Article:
Pro-testing Against Bad Software Quality

6Jul/109

Brothers in Arms, Part 1

The art of making enemies?

I'm pretty sure it's not exactly the best approach around to start your life in the blogosphere (or anywhere, for that matter) by criticizing people, but hey, this blog is about protesting against poor software quality and quality always starts with the people involved (feel free to contradict me on that, I'd love to see someone explain to me why I'm wrong) - their attitudes included - so if a big part of the problem is in the attitudes and mental approaches of the people instead of the methods or techniques used, then that's what I will be protesting against today.

Starting the series...

As stated before, I will be posting a lot about my thoughts and views on what my colleagues in the testing world write in their own blogs and webpages or what I've been discussing with them through one medium or another.

The "honor" for the first post in this series goes to Rob Lambert for his excellent post Don't be a follower, be a tester, which woke a multitude of emotions and thoughts in me. Actually, the post irritated me. Not because I would disagree, but because he's so damn right in what he says. Briefly put: the irritating essence of the post is that the testing world is full of sheep bleating trendy catchphrases that make things sound really nice while actually meaning absolutely nothing (a favorite subject of criticism by Richard Rorty).

What really caught my attention were these three conclusions Rob made, based on the comments to one of his earlier posts:

We should not challenge the best practices of testing
We should not challenge the experts in testing
We should not talk about testing publicly
unless we are an expert or we know the experts.

My immediate first thought, after reading this was: What, exactly, constitutes an expert in testing? How does one become an expert in testing? Added bonus question: How, exactly, would knowing an expert in testing lend more credibility to what I am saying? I'm not the expert in question, am I?

So, how does this becoming-an-expert-in-testing happen? by not challenging the current authority figures? By not trying to come up with something new and/or improved? By not tackling the problems you see and just serenely accepting them (*baah*, said the sheep and continued munching on grass) as a necessary - and unchangeable - part of the world you're living in?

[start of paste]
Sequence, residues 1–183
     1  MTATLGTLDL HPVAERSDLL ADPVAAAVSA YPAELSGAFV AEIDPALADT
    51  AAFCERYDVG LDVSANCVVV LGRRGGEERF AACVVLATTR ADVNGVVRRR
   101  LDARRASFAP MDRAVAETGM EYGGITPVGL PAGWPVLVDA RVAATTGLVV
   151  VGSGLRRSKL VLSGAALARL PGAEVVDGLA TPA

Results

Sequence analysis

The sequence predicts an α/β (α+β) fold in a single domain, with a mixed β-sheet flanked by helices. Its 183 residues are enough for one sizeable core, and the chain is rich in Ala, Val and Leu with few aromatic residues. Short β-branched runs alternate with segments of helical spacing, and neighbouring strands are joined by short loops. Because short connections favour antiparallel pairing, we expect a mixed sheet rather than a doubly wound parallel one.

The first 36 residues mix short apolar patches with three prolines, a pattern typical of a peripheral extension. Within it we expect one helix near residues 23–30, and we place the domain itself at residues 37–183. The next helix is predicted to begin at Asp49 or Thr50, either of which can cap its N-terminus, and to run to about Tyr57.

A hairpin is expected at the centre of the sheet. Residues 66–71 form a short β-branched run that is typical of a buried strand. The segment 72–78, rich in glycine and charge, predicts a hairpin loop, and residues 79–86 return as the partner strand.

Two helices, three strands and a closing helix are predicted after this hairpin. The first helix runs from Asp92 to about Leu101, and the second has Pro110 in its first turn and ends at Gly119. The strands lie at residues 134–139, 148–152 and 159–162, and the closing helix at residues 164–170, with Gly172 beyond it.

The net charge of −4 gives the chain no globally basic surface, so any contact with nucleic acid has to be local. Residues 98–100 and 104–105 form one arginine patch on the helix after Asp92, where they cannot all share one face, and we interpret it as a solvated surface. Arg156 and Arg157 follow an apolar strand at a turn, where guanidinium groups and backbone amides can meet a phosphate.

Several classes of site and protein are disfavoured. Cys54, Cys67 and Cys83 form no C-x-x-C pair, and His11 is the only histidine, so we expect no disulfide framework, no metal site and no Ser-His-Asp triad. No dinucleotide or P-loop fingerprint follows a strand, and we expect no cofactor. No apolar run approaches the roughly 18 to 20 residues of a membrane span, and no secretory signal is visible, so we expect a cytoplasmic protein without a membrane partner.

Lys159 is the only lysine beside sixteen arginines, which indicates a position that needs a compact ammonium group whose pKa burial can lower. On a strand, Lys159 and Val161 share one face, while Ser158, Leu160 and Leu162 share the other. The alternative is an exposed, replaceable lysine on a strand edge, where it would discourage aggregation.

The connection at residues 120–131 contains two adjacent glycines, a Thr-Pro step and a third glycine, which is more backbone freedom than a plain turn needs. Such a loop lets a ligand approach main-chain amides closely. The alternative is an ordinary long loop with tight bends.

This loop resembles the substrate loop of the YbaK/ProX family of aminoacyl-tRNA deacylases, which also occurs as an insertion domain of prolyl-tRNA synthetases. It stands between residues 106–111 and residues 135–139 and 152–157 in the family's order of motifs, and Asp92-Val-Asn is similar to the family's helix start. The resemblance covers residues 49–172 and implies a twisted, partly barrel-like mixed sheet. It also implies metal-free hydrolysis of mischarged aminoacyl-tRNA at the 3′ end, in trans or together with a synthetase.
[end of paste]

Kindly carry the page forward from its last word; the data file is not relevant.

Let me answer that for you: It happens by stirring the hornet's nest, by challenging the consensus. It happens by telling people that they're doing things in an ineffective way, when they are, and then proposing an alternate way. It happens by not just accepting everything that's being force-fed to you without questioning. It happens by making mistakes, learning from them and then coming back stronger and better equipped than before. It happens by acknowledging the fact your thoughts and ideas could be shot down and torn to shreds in public, and still having the courage to present them despite the risk.

In brief: One does not become an expert (in testing) by being an idle spectator. You do it by taking a stand and making it your very own, personal, responsibility to change the way things are done. And that sure as hell won't happen if you don't throw your ideas out there for people to see and have a taste of. Of course, this is just my personal view - your mileage may vary.

Dramatic, I know, but sometimes being an opinionated tester is like the IT-world equivalent of being John Rambo...

As a sidenote: seems I just discovered a defect in WordPress while writing this post. 😛
Sidenote #2: seems I just discovered another defect in WordPress when trying to add more tags to this post (sorry Rob, WordPress refuses to store your name as a tag with Capital First Letters, I'm not trying to be disrespectful here...)